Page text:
What risks are associated with ventilation?

Infection is one of the common problems. Although there are ways to reduce the chance of infection, such as mouth care and suctioning the mucus secretions from the lungs the ET tube or tracheostomy can allow germs (bacteria) to enter the lungs, which may cause chest infection. This can delay the patient’s progress and prolong their time on the ventilator. For this reason the staff are keen to wake the patient and wean the ventilation as quickly and safely as possible.

When is sedation stopped?

The doctors may stop sedation altogether or ‘wean’ the drugs slowly. As the patient wakes, the staff can assess how they are progressing and make decisions on reducing the ventilation. Some patients may remain in deep sleep for hours to days after sedation is stopped.

Occasionally a patient may wake up agitated, restless and confused. This may mean the patient is re-sedated and allowed to wake the next day to be assessed again. Staff understand this behaviour is out of character and are there to reassure both the patient and their loved ones. This may take a number of days. Several strategies may also help the patient including relatives talking and updating the patient on their favourite events, reading for them or simply being there. It is fairly common, and will pass.

What is weaning from a ventilator?

Weaning is the process of reducing the ventilator support which may be done quickly or over days to weeks. It is more complex and hard for the patient if they have been on the ventilator for a long time. This process of weaning requires effort from the patient with help from the healthcare team which includes physiotherapists, dieticians, doctors and nurses. Relatives can be a great source of comfort for the patient during this time and can be at the bedside to encourage the patient. All activities require some energy and muscle strength. The physiotherapists draw up a programme of exercises which they do with the patient and nurses. Relatives may also help.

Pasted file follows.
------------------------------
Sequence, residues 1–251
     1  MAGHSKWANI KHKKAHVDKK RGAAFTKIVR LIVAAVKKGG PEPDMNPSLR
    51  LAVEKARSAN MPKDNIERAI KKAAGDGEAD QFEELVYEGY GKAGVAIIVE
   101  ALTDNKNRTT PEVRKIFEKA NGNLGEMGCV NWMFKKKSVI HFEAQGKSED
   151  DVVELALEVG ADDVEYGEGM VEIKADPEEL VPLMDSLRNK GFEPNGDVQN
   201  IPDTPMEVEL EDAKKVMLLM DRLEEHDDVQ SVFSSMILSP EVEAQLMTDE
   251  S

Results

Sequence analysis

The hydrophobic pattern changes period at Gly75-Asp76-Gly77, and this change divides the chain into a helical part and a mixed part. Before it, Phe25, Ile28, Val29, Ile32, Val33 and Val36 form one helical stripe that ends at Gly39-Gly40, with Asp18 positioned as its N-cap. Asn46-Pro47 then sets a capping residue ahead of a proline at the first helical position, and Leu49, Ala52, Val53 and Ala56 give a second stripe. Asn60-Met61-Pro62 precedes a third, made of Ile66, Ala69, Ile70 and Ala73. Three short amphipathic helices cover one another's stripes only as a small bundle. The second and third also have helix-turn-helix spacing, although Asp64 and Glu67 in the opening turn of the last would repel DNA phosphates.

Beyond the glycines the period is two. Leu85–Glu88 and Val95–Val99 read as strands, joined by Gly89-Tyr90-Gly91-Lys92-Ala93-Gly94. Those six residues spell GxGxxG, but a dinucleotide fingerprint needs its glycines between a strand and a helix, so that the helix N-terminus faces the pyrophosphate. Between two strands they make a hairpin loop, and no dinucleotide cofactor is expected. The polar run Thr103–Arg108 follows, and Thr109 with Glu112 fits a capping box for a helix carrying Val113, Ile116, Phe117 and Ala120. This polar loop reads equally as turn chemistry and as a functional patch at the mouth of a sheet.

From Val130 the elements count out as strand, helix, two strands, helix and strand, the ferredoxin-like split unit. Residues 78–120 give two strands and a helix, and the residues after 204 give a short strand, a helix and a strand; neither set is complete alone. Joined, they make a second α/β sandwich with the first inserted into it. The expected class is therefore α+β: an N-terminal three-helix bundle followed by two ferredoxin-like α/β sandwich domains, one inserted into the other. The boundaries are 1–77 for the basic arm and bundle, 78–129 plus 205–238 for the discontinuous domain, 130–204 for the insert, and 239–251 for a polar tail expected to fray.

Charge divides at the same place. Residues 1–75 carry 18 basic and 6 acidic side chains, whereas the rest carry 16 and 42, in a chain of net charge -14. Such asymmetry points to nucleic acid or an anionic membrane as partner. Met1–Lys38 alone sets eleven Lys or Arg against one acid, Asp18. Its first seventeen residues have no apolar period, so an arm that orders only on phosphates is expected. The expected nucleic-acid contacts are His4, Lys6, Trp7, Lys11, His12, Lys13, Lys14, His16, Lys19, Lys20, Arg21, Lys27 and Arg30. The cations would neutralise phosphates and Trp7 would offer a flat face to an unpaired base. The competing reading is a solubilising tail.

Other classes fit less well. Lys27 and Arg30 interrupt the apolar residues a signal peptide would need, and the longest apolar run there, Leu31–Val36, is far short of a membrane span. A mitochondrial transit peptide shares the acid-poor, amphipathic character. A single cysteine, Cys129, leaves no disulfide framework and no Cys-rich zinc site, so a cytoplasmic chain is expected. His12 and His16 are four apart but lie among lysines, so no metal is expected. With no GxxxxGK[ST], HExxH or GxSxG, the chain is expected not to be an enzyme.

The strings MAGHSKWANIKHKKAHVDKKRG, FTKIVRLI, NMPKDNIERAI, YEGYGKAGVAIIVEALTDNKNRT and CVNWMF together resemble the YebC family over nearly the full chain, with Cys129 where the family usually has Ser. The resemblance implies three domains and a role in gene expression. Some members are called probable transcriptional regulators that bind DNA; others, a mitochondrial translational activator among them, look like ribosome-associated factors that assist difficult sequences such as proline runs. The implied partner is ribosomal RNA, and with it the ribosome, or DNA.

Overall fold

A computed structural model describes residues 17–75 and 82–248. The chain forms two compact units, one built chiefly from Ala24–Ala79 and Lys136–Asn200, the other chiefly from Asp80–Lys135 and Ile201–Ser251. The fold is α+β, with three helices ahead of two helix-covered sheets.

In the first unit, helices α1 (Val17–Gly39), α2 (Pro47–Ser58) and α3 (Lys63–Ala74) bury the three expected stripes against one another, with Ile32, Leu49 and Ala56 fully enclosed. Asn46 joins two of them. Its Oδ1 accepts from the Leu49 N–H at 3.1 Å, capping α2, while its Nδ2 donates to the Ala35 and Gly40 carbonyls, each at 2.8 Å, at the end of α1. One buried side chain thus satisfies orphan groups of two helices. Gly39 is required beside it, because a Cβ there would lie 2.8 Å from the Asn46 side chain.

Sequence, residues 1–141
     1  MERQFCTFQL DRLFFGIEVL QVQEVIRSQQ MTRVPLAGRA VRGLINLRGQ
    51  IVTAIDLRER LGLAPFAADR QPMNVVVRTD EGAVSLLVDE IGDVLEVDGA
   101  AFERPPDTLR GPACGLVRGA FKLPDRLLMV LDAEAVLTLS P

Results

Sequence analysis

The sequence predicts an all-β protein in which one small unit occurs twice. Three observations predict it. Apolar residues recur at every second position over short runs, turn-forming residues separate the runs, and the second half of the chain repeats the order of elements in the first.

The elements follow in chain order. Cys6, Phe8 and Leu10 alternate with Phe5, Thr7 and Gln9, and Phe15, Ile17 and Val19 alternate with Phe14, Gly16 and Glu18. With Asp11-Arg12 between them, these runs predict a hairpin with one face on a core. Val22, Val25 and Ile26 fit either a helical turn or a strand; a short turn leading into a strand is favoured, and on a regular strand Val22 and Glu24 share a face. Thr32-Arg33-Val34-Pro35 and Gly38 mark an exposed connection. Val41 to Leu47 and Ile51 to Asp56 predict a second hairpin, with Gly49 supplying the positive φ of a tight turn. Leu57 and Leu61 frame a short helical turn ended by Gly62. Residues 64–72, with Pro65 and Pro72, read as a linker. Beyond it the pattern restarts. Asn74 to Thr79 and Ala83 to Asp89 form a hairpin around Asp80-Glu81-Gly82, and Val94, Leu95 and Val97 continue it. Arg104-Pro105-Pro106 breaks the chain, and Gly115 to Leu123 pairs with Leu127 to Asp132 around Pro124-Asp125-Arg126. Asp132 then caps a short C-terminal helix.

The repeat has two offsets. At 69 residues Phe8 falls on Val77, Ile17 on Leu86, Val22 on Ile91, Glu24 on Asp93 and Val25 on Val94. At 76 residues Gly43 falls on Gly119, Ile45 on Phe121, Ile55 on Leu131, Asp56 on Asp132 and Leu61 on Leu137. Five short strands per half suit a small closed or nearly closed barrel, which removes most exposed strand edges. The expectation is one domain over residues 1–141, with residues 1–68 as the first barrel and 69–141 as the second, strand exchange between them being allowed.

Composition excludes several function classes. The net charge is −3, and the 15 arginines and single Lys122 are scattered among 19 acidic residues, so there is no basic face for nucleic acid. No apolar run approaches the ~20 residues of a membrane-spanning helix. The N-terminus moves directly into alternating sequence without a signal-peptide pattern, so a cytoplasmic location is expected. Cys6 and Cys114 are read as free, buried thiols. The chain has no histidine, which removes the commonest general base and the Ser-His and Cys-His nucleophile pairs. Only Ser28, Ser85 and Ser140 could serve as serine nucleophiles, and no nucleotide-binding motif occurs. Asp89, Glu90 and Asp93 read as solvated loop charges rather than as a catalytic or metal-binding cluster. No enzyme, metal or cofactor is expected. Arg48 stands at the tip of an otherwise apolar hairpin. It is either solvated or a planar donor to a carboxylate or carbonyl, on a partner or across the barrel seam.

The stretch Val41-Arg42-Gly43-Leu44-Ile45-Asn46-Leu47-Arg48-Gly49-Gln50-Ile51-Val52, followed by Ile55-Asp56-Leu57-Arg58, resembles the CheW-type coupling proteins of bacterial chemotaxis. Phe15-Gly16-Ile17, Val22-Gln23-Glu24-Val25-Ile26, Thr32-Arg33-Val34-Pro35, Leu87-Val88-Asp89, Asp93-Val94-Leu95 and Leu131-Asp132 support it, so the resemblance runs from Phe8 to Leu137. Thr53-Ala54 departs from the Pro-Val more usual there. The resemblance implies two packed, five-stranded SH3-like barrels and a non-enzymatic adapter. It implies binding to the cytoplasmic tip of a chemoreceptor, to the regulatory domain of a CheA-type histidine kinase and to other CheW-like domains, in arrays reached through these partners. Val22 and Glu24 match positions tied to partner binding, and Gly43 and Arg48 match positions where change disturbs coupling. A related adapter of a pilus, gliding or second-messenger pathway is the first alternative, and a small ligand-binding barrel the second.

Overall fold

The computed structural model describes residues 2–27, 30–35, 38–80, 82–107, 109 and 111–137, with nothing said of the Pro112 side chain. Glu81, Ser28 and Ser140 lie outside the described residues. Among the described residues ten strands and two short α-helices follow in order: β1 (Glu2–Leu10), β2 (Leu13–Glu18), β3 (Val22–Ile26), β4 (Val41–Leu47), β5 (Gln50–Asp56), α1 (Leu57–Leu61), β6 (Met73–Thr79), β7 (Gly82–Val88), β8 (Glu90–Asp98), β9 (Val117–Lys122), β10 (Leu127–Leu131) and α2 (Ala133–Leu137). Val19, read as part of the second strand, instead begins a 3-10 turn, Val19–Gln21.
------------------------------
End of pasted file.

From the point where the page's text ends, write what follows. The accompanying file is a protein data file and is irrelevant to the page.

Food is vital to maintain good nutrition and aid recovery. On admission the dietician calculates individual patient requirements and nutrition is maintained by feeding through a tube. Some patients may need intravenous nutrition.

What happens next?

When the medical staff are confident the patient will continue to progress and not require the help of a ventilator again, and the patient has recovering well from any other illness, the process of discharge from the ICU will begin.

This can be an anxious time for the patient and their loved ones, but there is a careful plan made with other healthcare professionals on the wards. Every effort is made to ensure a safe and successful discharge from the unit and eventually home.